Presidency Scholar Says Trump’s Disruptive Foreign Policy Is Actually ‘Old School’ Bullying

“The fundamental problem is this: the North Koreans have now developed intercontinental ballistic capabilities, which the United States has been vehemently opposed to for all kinds of reasons.”

By Rhonda FanningMay 9, 2018 1:24 pm| ,

As Texas Standard went to air, three American hostages held by North Korea were reported to be enroute to the U.S. This news comes as the world reacts to President Donald Trump’s decision to pull the plug on U.S. participation in the Iranian nuclear deal, and as prelude to the summit sought by Trump with North Korean leader, Kim Jong Un.

Peter Baker writes in the New York Times that what we’re seeing is an emboldened White House putting teeth in the “America first” idea.

Jeremi Suri is a professor and Mack Brown distinguished chair for leadership in Global Affairs at the LBJ School of Public Affairs at the University of Texas at Austin, and the author of a recent article in the Atlantic about why the presidency is an impossibly big job. He  says that while many in the foreign policy establishment are open to initiatives that disrupt traditional, and often failed, patterns in international affairs, the president’s approach isn’t all that novel.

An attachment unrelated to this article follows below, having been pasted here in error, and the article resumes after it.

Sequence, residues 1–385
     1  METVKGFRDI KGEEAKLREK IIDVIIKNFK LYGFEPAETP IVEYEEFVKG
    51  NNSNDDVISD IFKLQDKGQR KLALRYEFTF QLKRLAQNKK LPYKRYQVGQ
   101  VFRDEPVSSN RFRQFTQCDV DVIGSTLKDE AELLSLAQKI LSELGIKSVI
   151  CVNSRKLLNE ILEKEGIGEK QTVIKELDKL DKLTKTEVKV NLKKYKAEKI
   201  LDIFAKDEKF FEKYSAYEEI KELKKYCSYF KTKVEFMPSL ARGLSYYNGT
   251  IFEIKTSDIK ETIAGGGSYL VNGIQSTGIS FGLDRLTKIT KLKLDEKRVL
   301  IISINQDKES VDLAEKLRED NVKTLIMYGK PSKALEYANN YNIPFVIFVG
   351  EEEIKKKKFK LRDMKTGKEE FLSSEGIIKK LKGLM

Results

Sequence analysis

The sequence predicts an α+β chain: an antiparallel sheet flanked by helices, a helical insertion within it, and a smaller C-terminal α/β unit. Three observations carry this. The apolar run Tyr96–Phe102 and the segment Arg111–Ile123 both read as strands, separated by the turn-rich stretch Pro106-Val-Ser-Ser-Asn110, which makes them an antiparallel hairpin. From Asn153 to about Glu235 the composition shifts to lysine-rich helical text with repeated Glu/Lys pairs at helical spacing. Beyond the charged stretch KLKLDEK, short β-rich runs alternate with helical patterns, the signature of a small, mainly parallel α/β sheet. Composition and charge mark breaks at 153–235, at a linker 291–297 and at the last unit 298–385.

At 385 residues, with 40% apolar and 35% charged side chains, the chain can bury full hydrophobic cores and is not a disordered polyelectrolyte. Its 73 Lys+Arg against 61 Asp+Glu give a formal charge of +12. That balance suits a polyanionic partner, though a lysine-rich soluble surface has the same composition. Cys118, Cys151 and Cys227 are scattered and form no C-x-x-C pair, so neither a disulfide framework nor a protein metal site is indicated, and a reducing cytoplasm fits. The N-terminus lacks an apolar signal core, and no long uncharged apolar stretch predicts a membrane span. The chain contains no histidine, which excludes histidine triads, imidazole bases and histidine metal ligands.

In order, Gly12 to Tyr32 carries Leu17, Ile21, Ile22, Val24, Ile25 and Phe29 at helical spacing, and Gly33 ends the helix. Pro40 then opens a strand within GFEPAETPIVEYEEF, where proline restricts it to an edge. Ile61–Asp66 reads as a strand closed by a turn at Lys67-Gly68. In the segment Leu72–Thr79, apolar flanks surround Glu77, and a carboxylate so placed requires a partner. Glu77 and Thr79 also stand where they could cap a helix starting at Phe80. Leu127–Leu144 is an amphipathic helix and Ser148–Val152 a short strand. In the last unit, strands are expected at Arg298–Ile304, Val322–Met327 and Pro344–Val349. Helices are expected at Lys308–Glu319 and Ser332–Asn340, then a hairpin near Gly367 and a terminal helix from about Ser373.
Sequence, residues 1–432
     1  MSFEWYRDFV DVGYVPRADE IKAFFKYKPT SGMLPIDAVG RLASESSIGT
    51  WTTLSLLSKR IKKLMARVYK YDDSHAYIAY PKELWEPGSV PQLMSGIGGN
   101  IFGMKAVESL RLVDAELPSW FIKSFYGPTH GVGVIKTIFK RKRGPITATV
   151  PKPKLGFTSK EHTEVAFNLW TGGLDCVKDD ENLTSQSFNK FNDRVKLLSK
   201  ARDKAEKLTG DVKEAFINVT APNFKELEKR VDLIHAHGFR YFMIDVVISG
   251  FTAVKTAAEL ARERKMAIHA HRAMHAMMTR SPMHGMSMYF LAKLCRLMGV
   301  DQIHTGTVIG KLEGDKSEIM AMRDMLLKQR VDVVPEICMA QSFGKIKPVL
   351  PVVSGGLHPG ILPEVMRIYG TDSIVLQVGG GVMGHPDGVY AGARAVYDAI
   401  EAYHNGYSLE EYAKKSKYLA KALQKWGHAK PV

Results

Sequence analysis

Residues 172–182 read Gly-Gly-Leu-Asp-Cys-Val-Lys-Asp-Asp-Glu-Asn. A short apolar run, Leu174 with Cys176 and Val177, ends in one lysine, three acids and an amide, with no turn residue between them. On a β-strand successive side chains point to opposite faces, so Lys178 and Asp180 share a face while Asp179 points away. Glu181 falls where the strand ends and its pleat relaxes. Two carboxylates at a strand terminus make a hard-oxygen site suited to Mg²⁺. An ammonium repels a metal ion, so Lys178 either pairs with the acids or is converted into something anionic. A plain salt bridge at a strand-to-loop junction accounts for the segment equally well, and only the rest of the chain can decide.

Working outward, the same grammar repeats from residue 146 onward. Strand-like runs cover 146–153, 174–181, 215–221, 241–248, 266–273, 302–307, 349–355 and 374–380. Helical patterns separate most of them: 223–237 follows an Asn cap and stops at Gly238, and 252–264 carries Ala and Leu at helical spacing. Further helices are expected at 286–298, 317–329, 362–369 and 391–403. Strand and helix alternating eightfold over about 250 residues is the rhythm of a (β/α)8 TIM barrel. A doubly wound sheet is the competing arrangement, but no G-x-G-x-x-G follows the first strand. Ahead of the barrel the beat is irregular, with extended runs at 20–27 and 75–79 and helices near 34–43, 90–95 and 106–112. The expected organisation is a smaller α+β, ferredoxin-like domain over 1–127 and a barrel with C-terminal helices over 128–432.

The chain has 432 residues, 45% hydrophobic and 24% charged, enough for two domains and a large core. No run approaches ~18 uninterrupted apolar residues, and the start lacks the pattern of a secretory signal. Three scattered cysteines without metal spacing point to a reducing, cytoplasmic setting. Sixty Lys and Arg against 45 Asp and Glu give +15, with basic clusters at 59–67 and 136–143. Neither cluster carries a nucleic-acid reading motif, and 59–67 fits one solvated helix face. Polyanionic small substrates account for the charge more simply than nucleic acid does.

“A lot of what [the president] is doing is not new. It’s old bullying tactics that not only go back to the 20th century, but go back to the pre-Cold War period in our history,” Suri says. “When the United States in the early 20th century first used the phrase ‘America first.’”

Suri says the approach goes back to World War I, when the U.S. did not sign the Treaty of Versailles.

Suri says what’s new in the 21st century is the ability of small countries to have an outsized impact in the world, and at the expense of superpowers.

“The real 21st century quandary,” he says, “is how a big, enormous power like the U.S. can gain leverage over these small, pesky countries like Iran and North Korea, that have proved remarkably resilient in resisting our power.”

Suri says the current situation with regard to North Korea is certainly better than it was a few months ago, when the countries’ leaders called one another names and made aggressive military threats.

“The fundamental problem is this – the North Koreans have now developed intercontinental ballistic capabilities, which the United States has been vehemently opposed to for all kinds of reasons,” Suri says. “We have seen no evidence yet that the North Koreans will give those up.”

Written by Shelly Brisbin.